The single was recorded at Chess Studios in Chicago, on December 29 or 30, 1957, with Berry backed by a lean, swinging blues trio of Willie Dixon (bass), Lafayette Leake (piano) and Fed Below (drums). The same session also yielded “Reelin’ and Rockin’ ” and “Sweet Little Sixteen.” While those tunes also became standards, their impact pales in comparison to that of “Johnny B. Goode.” As Billy Altman notes in his liner notes to The Chuck Berry Box (MCA, 1988), the song has become so ingrained in American culture that it’s hard to imagine a time when it didn’t exist. And, thanks to the late astronomer Carl Sagan, the whole universe may know the tune by now; it was hauled off on the Voyager 1 space probe, hurtling past Jupiter and Saturn and towards Neptune, some four-billion miles away.
11) “Voodoo Child (Slight Return)” (Jimi Hendrix) – Jimi Hendrix Experience Electric Ladyland, 1968
Jimi Hendrix’s publicist, Michael Goldstein, had successfully arranged for ABC-TV to produce a short news feature based primarily on the Experience’s triumphant success in America. Filming began on May 3, 1968, with 16mm cameras capturing the recording of “Voodoo Child (Slight Return),” which, like many Hendrix songs, borrowed both musical and lyrical themes from Muddy Waters and other Delta bluesmen.
“ ‘Voodoo Child’ was something Jimi brought in, and we learned that song right on the spot in front of the cameras,” recalls bassist Noel Redding. “We ran through it about three times, and that was it.”
It is not known whether ABC ever used any of the footage. And, unfortunately, all the camera originals were stolen from ABC’s archives sometime after Jimi’s death. The reel also included footage of the group performing at the Fillmore East and the Miami Pop Festival.
Engineer Eddie Kramer recalls: “ ‘Voodoo Child (Slight Return)’ was recorded the day after Jimi tracked “Voodoo Chile,” the extended jam on Electric Ladyland featuring Traffic’s Stevie Winwood on organ and Jefferson Airplane bassist Jack Casady. Basically, Jimi used the same setup—his Strat through a nice, warm Fender Bassman amp. Jimi’s sound on both tracks is remarkably consistent, leading some to think they were recorded at the same session.”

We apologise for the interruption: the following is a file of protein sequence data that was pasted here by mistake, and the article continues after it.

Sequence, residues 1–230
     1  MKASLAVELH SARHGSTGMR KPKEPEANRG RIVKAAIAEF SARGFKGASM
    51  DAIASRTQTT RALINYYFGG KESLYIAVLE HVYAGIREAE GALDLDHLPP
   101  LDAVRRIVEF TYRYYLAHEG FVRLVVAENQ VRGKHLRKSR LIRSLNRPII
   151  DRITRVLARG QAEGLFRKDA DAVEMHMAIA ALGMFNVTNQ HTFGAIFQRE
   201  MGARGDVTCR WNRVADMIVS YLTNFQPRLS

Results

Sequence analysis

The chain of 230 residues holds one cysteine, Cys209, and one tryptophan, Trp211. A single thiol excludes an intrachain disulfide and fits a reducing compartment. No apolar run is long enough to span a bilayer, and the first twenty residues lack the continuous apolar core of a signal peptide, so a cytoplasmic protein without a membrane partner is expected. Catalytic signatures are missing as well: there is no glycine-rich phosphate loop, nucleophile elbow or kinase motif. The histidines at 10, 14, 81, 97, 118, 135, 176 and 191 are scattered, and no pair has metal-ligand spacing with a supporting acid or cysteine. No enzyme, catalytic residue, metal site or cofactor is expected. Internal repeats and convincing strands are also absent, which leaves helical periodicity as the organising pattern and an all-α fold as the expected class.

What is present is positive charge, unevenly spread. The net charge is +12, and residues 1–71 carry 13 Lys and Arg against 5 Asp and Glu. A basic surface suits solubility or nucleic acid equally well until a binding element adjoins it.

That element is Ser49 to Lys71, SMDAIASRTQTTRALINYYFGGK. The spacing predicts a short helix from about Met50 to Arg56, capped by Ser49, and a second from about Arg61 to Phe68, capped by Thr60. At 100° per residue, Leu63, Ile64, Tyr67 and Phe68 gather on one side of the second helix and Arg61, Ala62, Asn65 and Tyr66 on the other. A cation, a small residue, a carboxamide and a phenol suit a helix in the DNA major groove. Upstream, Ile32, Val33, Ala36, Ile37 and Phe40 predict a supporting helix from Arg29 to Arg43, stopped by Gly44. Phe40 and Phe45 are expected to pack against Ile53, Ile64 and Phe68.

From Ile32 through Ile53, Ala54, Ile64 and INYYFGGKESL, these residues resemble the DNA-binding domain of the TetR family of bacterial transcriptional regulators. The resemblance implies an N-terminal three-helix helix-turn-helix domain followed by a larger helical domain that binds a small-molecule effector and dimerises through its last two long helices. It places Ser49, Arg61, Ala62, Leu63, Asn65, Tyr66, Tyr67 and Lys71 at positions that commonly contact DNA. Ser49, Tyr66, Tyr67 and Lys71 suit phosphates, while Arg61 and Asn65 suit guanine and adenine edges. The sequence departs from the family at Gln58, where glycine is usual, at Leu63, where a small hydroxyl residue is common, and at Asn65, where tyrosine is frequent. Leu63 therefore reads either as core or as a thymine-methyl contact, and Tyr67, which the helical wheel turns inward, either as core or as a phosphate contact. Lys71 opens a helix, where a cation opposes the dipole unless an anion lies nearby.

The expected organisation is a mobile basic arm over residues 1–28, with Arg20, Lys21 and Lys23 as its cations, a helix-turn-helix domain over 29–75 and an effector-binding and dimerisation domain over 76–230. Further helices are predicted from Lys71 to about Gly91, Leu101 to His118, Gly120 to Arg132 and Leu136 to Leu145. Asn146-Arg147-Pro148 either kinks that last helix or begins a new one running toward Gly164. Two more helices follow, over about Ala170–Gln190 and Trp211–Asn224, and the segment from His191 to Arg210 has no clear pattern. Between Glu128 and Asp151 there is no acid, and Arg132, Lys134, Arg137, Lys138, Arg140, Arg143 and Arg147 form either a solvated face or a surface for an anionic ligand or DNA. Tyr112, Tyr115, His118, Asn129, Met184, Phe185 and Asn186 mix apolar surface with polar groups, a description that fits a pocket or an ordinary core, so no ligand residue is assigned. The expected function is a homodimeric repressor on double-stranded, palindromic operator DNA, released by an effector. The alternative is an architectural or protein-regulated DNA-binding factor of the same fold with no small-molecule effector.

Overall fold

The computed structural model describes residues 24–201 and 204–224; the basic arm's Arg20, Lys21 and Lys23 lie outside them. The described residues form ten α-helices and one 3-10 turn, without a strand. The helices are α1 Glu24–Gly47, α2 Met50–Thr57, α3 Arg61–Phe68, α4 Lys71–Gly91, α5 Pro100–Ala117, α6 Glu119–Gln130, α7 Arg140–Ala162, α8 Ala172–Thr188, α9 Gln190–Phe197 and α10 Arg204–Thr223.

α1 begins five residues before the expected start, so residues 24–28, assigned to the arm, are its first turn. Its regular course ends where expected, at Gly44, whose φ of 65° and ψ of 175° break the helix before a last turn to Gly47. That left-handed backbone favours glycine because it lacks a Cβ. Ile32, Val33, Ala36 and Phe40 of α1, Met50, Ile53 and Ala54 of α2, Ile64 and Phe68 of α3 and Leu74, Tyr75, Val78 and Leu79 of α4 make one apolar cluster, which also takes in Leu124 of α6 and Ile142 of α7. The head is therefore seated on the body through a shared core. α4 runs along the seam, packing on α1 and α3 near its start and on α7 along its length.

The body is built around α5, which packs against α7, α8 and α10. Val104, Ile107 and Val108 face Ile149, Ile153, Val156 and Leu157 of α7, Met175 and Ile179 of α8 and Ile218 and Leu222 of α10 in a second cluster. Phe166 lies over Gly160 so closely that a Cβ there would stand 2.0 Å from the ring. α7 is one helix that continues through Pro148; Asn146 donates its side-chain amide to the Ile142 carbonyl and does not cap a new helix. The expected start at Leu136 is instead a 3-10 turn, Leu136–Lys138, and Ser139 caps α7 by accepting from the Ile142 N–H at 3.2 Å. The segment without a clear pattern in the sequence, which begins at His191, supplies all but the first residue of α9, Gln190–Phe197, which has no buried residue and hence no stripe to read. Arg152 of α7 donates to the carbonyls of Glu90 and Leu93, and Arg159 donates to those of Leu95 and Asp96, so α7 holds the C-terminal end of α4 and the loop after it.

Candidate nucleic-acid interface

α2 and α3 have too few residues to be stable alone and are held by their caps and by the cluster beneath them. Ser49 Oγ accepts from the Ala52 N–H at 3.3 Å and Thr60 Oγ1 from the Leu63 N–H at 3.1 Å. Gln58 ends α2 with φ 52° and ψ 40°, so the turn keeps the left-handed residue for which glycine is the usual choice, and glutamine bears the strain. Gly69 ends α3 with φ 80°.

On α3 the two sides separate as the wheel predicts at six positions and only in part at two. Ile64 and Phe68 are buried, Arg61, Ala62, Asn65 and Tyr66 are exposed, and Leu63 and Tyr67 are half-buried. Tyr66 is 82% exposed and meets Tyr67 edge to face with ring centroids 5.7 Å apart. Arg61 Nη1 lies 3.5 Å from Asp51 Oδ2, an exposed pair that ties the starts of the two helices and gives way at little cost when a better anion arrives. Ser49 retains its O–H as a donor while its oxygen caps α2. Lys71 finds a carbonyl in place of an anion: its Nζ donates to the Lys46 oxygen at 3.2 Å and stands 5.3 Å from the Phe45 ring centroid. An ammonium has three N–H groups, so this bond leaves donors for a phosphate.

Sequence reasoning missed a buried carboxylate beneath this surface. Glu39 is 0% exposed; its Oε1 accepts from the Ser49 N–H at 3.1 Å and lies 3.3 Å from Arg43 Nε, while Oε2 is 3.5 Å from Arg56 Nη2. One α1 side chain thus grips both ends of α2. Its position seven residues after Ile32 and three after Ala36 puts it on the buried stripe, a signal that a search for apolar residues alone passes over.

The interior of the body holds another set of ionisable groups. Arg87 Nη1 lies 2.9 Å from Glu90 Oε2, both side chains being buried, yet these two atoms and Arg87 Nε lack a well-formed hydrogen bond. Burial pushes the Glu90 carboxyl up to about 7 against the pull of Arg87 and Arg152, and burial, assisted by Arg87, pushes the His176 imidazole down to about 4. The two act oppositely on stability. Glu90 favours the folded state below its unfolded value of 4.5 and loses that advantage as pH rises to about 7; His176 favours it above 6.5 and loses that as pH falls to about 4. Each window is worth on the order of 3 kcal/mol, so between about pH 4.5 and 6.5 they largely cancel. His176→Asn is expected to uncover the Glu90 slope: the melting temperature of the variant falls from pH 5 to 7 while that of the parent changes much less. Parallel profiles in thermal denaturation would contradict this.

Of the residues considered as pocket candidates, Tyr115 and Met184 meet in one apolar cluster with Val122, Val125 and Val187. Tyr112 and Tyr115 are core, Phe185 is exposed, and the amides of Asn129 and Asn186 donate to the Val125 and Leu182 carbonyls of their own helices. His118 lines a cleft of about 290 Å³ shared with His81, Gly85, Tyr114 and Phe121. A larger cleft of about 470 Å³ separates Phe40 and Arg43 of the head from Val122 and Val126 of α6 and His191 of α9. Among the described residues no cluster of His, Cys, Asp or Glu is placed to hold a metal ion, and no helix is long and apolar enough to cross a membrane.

10) “Crossroads” (Eric Clapton) – Cream Wheels of Fire, 1968
For over three decades, Eric Clapton has been bemused by his fans’ adulation of his solo on Cream’s radical reworking of bluesman Robert Johnson’s signature tune, “Crossroads.”
“It’s so funny, this,” Clapton says. “I’ve always had that held up as like, ‘This is one of the great landmarks of guitar playing.’ But most of that solo is on the wrong beat. Instead of playing on the two and the four, I’m playing on the one and the three and thinking, ‘That’s the off beat.’ No wonder people think it’s so good—because it’s fucking wrong.” [laughs]
Perhaps one reason for Clapton’s difficulty finding the downbeat was that the concert at which the song was recorded, at San Francisco’s Winterland Ballroom, got a late start due to drummer Ginger Baker’s tardy, and rather dramatic, appearance. Recalls Tom Dowd, who engineered the recording and ran the mobile recording unit that night: “The group was supposed to go on and we didn’t have Ginger and couldn’t figure out where the heck he was. We were worried, and Bill Graham and others said, ‘God, I hope he’s okay. Maybe we should call the police.’ Then I look out from our vantage point upstairs and see a Corvette speeding towards us, with a couple of police cars a block behind it. That was Ginger arriving. I have no idea what happened, but he pulled up to the stage entrance, abandoned the car, ran up on stage and the band started playing.”
And what they played is what you hear; contrary to a persistent, widely held rumor, the solo on “Crossroads” was not edited down.
“It’s not edited and I’ve got an audience tape from the same show which verifies that,” says Bill Levenson, who produced the Cream box set, Those Were the Days (Polydor). “That was a typical performance of the song. I’ve listened to a lot of tapes and all of the ‘Crossroads’ that I’ve heard come in at four minutes and change. They never seemed to expand it beyond that.”
9) “Crazy Train” (Randy Rhoads) – Ozzy Osbourne Blizzard of Ozz, 1981